Tony Bradley is here, in the starting lineup in an NBA arena. But not in an NBA uniform.
It’s February, and the former North Carolina Tar Heel is suited up for the Salt Lake City Stars. He’s facing Lakers draft pick Ivica Zubac, a 7-foot-1 giant from Croatia, and it doesn’t go well.
Zubac scores 25 points and grabs eight rebounds in a 118-114 South Bay Lakers win at Vivint Smart Home Arena. Bradley doesn’t have his A-game this evening: He scores seven points and has two rebounds. Later, he quietly slips out of the arena with his girlfriend, his hood snugly wrapped around his face as to blend into the background as much as a 6-foot-11 NBA center can.
That same night, the Jazz roll to an easy victory against the Phoenix Suns in Arizona. Donovan Mitchell, selected 15 picks before Bradley, dazzles with 40 points, which isn’t even his highest scoring game of the season.
Of Utah’s two-first round picks, there’s Mitchell, who is in the Rookie of the Year conversation. Then there’s Bradley, who is toiling away in the G League. But to compare them, Jazz officials say, is to miss that both players are where the organization wants them to be.
Bradley’s road is a less direct route, one that has bounced him between two teams in two leagues in the past five months 17 times. It’s not the most glamorous road, especially for a 20-year-old living on his own.
But he’s trying to make the best of it.
• • •
Like Tibor Pleiss and Joel Bolomboy before him, this season has seen Bradley, when not stuck on the end of the bench with the Jazz, with Utah’s affiliate in the G League.
At times, he’s had to fly across the country on a moment’s notice: He took off for Cleveland in December when Rudy Gobert got hurt, then Washington in January when Derrick Favors was a scratch against the Wizards. He hasn’t gotten much time, but he’s there just in case.
The Jazz pride themselves in streamlining the experience for their two-way players: The plays the Stars and Jazz run are the same, and the coaching staffs are in sync. The concepts Bradley works on with Jazz assistant Tony Lang are the ones he works on with Stars coach Martin Schiller.
“I do have to remember to give him rest,” Schiller said. “Sometimes people think he’s not here or not there, but really he’s everywhere.”
The term “anticipatory draft pick” may seem redundant, but here’s the distinction general manager Dennis Lindsey draws: There are draft picks to help your team now, and there are draft picks to help your team later. Mitchell is of the former, Bradley the latter.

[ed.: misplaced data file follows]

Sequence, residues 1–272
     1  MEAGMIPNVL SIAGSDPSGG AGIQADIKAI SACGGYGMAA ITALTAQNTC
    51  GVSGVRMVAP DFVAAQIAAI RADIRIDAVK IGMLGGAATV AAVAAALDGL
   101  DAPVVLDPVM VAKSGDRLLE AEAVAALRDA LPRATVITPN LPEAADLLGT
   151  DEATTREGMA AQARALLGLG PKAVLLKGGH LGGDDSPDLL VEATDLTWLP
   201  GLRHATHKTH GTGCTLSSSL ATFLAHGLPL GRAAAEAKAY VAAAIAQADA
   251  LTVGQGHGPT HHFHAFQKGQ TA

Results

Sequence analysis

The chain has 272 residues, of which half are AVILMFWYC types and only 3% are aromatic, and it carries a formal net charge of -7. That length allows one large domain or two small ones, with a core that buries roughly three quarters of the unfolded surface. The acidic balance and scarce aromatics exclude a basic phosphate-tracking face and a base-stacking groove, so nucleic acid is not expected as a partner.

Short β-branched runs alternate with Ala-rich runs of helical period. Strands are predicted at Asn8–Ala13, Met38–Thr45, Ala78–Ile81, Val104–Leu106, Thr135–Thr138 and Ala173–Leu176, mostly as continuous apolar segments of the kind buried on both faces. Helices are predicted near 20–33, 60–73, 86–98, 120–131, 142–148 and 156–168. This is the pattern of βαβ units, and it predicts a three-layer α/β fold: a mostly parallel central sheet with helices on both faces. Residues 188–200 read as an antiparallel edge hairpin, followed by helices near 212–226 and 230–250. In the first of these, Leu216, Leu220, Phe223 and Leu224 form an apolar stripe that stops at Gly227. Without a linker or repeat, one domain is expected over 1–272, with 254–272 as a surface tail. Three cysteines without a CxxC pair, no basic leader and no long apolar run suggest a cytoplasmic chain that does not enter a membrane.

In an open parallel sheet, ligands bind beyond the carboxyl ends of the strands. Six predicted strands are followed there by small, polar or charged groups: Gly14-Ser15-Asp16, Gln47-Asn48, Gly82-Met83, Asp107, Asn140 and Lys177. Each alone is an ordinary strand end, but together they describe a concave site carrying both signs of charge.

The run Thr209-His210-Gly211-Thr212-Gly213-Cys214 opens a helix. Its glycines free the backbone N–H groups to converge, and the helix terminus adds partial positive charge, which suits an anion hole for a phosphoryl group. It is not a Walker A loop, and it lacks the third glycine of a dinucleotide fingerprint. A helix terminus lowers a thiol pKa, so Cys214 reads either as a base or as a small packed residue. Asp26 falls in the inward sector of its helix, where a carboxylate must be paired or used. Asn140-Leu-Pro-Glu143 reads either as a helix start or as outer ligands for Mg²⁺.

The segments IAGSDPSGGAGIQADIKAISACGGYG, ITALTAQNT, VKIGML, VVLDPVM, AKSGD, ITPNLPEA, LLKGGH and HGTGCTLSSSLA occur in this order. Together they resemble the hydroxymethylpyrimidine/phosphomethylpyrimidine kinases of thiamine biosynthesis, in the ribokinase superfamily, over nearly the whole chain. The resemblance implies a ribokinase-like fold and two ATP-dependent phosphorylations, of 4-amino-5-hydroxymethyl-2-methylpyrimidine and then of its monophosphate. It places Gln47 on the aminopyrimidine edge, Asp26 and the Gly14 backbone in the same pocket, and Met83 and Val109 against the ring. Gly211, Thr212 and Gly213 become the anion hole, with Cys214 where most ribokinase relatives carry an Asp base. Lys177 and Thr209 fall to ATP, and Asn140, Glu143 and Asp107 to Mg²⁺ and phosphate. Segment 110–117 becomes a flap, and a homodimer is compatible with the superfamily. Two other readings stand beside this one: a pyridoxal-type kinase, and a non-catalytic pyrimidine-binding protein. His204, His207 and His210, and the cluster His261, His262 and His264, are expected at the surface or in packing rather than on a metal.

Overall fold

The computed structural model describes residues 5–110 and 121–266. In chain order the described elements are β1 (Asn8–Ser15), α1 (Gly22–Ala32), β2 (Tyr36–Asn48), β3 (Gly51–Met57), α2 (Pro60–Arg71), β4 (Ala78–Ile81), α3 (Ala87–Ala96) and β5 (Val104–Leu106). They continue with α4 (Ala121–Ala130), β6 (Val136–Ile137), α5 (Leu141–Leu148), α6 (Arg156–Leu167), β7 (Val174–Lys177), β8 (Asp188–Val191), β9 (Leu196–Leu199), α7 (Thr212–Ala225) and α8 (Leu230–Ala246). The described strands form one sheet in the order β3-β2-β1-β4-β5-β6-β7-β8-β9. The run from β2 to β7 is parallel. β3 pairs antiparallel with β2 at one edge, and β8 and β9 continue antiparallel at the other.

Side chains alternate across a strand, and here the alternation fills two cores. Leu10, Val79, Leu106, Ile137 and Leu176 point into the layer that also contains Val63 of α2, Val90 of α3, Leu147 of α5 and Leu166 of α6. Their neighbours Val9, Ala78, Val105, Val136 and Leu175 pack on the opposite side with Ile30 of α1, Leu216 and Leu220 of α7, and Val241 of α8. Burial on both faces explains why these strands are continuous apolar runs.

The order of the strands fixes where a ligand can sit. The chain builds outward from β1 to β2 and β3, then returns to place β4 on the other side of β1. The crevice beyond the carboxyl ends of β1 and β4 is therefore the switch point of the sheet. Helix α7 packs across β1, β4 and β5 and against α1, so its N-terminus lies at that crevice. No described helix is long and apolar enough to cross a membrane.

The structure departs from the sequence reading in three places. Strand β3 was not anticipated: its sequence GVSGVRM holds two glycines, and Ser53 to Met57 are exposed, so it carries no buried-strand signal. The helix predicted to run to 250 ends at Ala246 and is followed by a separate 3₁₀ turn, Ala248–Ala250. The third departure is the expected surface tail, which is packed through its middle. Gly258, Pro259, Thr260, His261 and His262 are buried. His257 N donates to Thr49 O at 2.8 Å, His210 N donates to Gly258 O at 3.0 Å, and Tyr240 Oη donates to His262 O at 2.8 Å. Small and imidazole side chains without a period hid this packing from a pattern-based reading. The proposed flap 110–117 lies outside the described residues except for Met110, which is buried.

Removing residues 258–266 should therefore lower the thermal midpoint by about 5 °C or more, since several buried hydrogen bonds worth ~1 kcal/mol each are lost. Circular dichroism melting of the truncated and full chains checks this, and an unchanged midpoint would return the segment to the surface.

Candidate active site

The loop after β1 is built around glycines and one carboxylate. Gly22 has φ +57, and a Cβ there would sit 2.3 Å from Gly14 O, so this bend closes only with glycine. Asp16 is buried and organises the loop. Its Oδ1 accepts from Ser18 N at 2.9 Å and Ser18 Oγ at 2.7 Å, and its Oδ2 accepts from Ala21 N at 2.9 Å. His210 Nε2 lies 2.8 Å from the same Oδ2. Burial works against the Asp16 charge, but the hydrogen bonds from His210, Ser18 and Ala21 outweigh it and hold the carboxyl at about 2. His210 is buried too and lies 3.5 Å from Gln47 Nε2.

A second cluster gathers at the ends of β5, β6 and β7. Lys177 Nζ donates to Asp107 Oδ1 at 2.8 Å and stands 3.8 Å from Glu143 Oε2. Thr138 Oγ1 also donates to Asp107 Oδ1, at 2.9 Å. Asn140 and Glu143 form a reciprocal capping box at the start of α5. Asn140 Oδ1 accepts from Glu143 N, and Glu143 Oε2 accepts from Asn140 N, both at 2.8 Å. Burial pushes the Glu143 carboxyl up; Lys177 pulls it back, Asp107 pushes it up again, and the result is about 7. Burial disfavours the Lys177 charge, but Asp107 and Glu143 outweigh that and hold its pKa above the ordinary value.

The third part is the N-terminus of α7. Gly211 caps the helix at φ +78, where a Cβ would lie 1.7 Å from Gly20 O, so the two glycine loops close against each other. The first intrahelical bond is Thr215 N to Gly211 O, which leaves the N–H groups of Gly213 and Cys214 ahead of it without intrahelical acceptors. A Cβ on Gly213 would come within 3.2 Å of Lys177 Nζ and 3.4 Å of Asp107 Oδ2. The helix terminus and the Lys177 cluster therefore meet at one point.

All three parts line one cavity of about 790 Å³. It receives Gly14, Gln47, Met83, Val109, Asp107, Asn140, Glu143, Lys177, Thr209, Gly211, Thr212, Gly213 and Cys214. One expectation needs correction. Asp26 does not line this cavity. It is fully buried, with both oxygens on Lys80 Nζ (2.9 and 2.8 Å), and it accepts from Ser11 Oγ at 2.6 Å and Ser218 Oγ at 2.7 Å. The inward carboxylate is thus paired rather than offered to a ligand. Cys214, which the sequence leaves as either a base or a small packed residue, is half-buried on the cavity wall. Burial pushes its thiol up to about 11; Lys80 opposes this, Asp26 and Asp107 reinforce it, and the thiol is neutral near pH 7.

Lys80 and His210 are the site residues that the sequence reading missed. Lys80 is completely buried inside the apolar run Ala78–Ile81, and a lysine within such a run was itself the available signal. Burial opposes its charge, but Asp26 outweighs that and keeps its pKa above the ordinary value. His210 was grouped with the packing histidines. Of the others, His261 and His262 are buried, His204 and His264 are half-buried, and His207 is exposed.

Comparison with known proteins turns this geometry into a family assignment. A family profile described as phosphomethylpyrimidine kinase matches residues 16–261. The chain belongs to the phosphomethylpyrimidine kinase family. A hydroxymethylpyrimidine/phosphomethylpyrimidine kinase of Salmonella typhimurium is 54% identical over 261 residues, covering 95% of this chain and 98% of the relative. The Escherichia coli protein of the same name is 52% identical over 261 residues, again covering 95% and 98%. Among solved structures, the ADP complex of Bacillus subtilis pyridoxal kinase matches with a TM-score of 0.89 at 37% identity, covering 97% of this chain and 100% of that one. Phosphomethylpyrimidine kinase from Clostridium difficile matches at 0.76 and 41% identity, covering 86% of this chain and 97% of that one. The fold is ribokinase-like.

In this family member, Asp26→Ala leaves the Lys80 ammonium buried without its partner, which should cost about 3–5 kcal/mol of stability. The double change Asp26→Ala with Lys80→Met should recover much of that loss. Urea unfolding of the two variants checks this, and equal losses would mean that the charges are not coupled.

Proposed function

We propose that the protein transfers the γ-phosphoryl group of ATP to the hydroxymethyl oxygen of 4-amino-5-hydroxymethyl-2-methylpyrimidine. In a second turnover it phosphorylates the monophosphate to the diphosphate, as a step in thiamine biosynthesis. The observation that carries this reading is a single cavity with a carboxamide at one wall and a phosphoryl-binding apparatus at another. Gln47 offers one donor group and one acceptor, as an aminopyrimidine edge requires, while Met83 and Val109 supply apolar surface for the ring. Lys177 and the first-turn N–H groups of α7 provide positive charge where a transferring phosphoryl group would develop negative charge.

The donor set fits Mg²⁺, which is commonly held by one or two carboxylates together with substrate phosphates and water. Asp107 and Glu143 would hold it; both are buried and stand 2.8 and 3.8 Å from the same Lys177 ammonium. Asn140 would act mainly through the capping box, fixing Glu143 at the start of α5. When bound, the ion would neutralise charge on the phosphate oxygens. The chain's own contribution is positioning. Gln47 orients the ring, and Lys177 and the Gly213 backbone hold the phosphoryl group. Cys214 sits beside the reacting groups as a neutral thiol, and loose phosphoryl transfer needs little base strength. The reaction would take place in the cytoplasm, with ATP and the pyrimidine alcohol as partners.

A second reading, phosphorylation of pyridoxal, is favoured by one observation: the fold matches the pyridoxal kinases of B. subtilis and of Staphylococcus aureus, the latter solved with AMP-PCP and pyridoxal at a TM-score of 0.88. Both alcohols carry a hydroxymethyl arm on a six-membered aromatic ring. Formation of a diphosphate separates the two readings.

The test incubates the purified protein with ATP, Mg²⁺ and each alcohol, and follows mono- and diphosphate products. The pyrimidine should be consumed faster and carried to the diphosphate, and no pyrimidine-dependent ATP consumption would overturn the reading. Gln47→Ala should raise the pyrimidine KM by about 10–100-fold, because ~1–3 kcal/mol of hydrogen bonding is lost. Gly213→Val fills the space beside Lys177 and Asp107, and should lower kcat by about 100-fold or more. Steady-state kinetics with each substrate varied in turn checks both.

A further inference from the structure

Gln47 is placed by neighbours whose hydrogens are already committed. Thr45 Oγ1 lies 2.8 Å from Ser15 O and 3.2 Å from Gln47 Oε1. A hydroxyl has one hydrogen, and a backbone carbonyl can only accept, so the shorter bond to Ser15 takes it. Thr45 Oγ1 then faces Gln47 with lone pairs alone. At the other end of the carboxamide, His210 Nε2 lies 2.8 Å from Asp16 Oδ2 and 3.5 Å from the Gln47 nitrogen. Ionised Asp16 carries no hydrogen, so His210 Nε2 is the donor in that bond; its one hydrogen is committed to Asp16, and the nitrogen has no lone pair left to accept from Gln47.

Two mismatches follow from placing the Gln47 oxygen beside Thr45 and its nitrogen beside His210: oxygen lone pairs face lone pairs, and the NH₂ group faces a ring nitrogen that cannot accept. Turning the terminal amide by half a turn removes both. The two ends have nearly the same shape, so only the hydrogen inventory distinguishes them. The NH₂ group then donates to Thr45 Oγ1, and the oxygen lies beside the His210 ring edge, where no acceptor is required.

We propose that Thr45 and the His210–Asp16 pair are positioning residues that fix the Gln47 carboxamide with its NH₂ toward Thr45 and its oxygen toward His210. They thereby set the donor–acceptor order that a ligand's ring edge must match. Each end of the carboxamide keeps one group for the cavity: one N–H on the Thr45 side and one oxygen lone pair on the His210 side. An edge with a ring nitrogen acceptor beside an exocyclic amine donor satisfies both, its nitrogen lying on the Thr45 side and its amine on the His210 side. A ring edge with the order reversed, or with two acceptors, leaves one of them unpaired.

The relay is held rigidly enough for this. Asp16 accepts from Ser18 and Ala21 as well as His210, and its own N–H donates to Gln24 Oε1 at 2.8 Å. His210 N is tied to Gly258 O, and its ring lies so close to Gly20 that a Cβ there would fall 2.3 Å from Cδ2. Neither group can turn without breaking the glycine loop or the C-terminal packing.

The Jazz worked out Bradley last spring, and Lindsey and his staff liked his ability to rebound, his soft hands near the rim, his size and reach. But they knew Bradley wouldn’t help the Jazz right away, which they did not hide from Bradley, his agent of his family.
And yet, that doesn’t mean that Bradley doesn’t burn with ambition to be a rotational player this season.
“I feel like I never really got a shot to prove that I could be on the floor,” Bradley says. “They already had a plan for what they wanted to do. I’m not complaining: I’m just trying learn and show that I belong. I’m just trying to work.”
That work is done quietly. In Stars practice, Bradley barely speaks, although teammates say he talks more now than he did at the beginning of the season. But it’s clear that Bradley has a youthful passion for the game; the first thing he does following practice is shoot 3s. There’s rarely a moment when the Stars staff questions if Bradley is sulking because he’s in the G League.
“With him always, I think he wanted to be here because he wants to play,” Schiller said. “He’s good that way.”
• • •
The hardest thing is flying. Gobert hated it when he played in the G League. Bradley hates it now.
The Stars fly commercial, and sometimes that means Bradley, the ninth-tallest player at last year’s NBA Draft Combine, has to squeeze into a coach seat that normal-sized humans find uncomfortable.
“I literally have to fold up, slide in and sit down,” Bradley says. “My knees are killing me after every flight.”
It’s those flights when Bradley pines for the NBA lifestyle. He thinks about chartered planes, four- and five-star hotels and room service. Playing in the NBA is his ultimate quest, and experiencing the fringe benefits is enough to send him daydreaming.
When he’s home in Salt Lake City, Bradley spends most of his time on his own in his apartment. His family is in his hometown of Bartow, Fla. — they don’t visit too often because it’s hard to predict which team he’ll be with and which city he’ll be playing in. His girlfriend, Shayla Barrow, is able to visit in her breaks between nursing school classes, and when she watches Stars games, she often waves a gigantic posterboard sign of Bradley’s face.
But it’s lonely at times, especially when Barrow is away. One of Bradley’s closest friends at the beginning of the season was Mitchell, who famously made Bradley his chauffeur while he worked on earning his driver’s license. But since they’re rarely on the same schedule anymore, they don’t get together as often.
One of the things that might be most surprising about a one-and-done like Bradley: He misses school. He misses the structure of going to classes — it gave him more to do throughout the day. He misses living with his friends in the dorms.
But don’t mistake that for regretting his decision to go pro.
“I love Carolina, but the G League is better competition,” he said. “It’s stronger, faster, it’s been good. I miss [Carolina], but I feel like this is better for me.”
• • •
Bradley is starting again for the Stars in early March, this time at Bruin Arena at Salt Lake Community College. This is the Stars’ home court, and after a slightly off-tempo, out-of-tune anthem from a grade-school band, they tip off against the Agua Caliente Clippers under the national championship banners of a junior college.